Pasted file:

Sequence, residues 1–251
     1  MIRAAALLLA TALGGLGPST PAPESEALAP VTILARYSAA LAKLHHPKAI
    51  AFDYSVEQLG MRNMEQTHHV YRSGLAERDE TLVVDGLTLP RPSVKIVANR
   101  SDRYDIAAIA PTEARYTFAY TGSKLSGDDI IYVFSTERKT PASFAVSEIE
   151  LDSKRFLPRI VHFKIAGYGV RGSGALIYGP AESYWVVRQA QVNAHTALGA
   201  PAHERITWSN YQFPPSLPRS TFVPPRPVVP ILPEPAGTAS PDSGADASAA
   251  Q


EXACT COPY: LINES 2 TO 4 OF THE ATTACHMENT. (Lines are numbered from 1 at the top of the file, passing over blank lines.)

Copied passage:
     1  MIRAAALLLA TALGGLGPST PAPESEALAP VTILARYSAA LAKLHHPKAI
    51  AFDYSVEQLG MRNMEQTHHV YRSGLAERDE TLVVDGLTLP RPSVKIVANR
   101  SDRYDIAAIA PTEARYTFAY TGSKLSGDDI IYVFSTERKT PASFAVSEIE